When it comes to
traffic violations in New Jersey and throughout the country, red light cameras tend to ignite heavy debate
among the public. Proponents of red light cameras passionately argue that
the devices create more careful drivers and, therefore, safer roads.
But despite the seemingly good intentions of the cameras that are used
to catch drivers allegedly running a red light, critics of the tools suspect
that they are primarily tools for making money for their city. Also, there
are debates regarding the accuracy and fairness of red light cameras.
New Jersey Governor Chris Christie was an earlier supporter of the controversial
law enforcement cameras. Uproar among his constituents, however, has changed
his tune somewhat. There is no apparent plan to rid the state of red light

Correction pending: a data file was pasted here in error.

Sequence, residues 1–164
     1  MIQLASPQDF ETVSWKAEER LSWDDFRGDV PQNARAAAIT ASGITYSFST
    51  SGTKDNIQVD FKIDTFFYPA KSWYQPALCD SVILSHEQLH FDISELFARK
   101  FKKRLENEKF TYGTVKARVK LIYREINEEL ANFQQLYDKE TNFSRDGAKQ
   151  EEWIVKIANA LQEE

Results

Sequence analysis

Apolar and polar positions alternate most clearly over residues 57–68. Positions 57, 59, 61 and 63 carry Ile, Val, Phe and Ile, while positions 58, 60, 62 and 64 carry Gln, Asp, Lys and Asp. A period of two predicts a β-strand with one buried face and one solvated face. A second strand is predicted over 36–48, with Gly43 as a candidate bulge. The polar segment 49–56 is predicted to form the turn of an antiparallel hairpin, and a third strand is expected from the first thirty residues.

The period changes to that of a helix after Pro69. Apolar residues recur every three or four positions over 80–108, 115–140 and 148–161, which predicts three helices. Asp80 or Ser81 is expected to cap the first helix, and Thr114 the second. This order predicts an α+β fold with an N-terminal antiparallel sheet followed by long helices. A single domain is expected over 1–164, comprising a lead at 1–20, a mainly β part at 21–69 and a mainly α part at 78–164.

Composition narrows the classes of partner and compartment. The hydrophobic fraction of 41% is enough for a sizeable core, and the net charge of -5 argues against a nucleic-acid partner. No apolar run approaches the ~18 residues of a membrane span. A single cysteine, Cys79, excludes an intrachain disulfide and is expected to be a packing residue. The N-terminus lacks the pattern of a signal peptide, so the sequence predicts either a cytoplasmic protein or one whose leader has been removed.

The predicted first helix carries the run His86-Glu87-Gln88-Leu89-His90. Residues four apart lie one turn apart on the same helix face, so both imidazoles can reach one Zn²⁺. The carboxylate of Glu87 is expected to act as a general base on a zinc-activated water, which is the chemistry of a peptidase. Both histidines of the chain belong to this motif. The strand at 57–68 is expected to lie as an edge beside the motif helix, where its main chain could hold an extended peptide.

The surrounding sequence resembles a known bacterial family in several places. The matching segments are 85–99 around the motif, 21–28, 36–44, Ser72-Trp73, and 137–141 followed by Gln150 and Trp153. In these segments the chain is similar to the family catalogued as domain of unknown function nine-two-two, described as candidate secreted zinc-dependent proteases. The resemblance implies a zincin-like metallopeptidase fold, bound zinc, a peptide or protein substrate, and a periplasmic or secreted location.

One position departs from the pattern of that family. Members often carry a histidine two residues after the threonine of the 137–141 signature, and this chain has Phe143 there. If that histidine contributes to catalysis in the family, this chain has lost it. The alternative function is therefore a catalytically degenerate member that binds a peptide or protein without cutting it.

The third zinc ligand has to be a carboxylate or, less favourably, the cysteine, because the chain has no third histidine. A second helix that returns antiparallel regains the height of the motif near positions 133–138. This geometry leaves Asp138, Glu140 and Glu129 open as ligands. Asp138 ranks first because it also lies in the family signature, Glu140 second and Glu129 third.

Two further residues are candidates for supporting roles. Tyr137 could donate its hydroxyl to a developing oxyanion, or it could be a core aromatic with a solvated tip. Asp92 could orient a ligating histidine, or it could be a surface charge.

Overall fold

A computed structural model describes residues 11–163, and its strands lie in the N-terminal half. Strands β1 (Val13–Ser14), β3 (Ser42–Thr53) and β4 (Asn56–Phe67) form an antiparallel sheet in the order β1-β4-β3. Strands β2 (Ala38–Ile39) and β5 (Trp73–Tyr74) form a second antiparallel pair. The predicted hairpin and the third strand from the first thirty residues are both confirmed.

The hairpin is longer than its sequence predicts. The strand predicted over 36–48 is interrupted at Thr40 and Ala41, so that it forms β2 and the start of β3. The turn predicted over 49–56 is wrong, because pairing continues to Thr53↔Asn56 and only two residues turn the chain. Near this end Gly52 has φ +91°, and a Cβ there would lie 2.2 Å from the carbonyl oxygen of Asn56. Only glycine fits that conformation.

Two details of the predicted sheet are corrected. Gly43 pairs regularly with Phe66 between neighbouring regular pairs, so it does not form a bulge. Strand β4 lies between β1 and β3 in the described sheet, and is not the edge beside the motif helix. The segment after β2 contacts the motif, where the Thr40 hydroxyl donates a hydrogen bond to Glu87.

cameras, but there is reportedly proposed legislation that would alter
important details of the program:
- Tickets would cost less, $20.
- Drivers would be given more of a chance to avoid a ticket due to the duration
of yellow lights being lengthened.
- Drivers would be granted a grace period of half of a second once a light
has turned red during which they wouldn't be ticketed for running
Timing of yellow lights has prompted complaints among the New Jersey public
in the past. There is a certain statutory equation involving light time
and speed of traffic that must be met in order for related traffic tickets
to be legal. As a result of this legal debate, the red light program was
temporarily suspended this past summer and class action lawsuits were filed.
Even if the proposed changes are put into law, it is likely that red light
cameras will continue to be challenged in this state and others. At the
heart of many people's argument is that they should be able to face
their accuser when they are essentially charged with a crime. A camera
doesn't have the judgment that a human does and, some argue, puts
people at risk of false accusations.
Source: thenewspaper.com, "New Jersey Governor Reverses Course on Red Light Cameras," Oct. 2, 2012